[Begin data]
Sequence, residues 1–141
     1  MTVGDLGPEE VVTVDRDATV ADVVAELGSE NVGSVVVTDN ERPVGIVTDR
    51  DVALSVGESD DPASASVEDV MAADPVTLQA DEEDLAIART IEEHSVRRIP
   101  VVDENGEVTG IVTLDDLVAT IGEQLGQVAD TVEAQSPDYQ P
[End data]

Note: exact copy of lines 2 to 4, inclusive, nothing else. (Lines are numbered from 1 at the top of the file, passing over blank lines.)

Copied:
     1  MTVGDLGPEE VVTVDRDATV ADVVAELGSE NVGSVVVTDN ERPVGIVTDR
    51  DVALSVGESD DPASASVEDV MAADPVTLQA DEEDLAIART IEEHSVRRIP
   101  VVDENGEVTG IVTLDDLVAT IGEQLGQVAD TVEAQSPDYQ P